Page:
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I have array of mobile numbers, around 50,000. I'm trying to process and send bulk SMS to these numbers using third-party API, but the browser will freeze for some minutes. I'm looking for a better option.

Processing of the data involves checking mobile number type (e.g CDMA), assigning unique ids to all the numbers for further referencing, check for network/country unique charges, etc.

I thought of queuing the data in the database and using cron to send about 5k by batch every minute, but that will take time if there are many messages. What are my other options?

I'm using Codeigniter 2 on XAMPP server.

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up vote 34 down vote accepted

I would write two scripts:

File index.php:

<iframe src="job.php" frameborder="0" scrolling="no" width="1" height="1"></iframe>
<script type="text/javascript">
    function progress(percent){
</script><div id="done">0%</div>

File job.php:

set_time_limit(0);                   // ignore php timeout
ignore_user_abort(true);             // keep on going even if user pulls the plug*
while(ob_get_level())ob_end_clean(); // remove output buffers
ob_implicit_flush(true);             // output stuff directly
// * This absolutely depends on whether you want the user to stop the process
//   or not. For example: You might create a stop button in index.php like so:
//     <a href="javascript:window.frames[0].location='';">Stop!</a>
//     <a href="javascript:window.frames[0].location='job.php';">Start</a>
// But of course, you will need that line of code commented out for this feature to work.

function progress($percent){
    echo '<script type="text/javascript">parent.progress('.$percent.');</script>';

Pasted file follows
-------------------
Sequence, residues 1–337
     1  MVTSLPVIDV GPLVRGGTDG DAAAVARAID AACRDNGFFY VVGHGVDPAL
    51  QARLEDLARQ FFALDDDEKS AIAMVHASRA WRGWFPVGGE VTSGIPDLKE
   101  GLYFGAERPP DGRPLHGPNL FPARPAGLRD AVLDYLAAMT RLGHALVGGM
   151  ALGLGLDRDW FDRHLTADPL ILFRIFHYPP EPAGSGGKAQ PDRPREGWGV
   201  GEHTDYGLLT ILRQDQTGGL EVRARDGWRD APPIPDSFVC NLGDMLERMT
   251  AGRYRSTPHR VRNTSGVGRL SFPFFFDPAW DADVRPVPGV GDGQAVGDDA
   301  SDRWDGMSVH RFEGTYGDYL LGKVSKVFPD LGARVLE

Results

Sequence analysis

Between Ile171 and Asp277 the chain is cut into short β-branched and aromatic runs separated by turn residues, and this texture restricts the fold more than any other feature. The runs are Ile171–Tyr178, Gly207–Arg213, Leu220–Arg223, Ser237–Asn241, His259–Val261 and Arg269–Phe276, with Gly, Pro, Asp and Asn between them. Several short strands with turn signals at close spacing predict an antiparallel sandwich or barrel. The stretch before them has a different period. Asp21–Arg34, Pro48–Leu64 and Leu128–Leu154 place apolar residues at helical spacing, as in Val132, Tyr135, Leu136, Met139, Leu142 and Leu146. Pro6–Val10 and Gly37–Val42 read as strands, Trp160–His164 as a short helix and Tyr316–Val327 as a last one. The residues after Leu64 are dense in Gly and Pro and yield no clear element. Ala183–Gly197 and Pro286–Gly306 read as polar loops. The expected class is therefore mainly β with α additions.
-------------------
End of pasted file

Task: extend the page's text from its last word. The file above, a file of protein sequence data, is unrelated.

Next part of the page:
echo '<!DOCTYPE html><html><head></head><body>'; // webkit hotfix
foreach($mobiles as $i=>$mobile){
    // send sms
echo '</body></html>'; // webkit hotfix
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Wonderful answer, thank you so much. // keep on going even if user pulls the plug (Very funny) – elf1984 Apr 4 '11 at 6:59
@Christian The solution works better on FireFox & IE, but google Chrome freezed, any other way out? – elf1984 Apr 4 '11 at 7:36
Safari Webkit (also use din Chrome) has some issues with the PHP progress function. I found a fix though, I'll get back to you with it... Edit: Fixed. – Christian Apr 4 '11 at 8:07
@Christian Sciberras could you please explain the "hotfix"? Does Chrome just require a valid doctype and layout? Great answer though, will be bookmarking this ! – Ross Apr 4 '11 at 8:56
@Ross - You're right. – Christian Apr 4 '11 at 8:58

I'm assuming these numbers are in a database, if so you should add a new column titled isSent (or whatever you fancy).

This next paragraph you typed should be queued and possibly done night/weekly/whenever appropriate. Unless you have a specific reason too, it shouldn't be done in bulk on demand. You can even add a column to the db to see when it was last checked so that if a number hasn't been checked in at least X days then you can perform a check on that number on demand.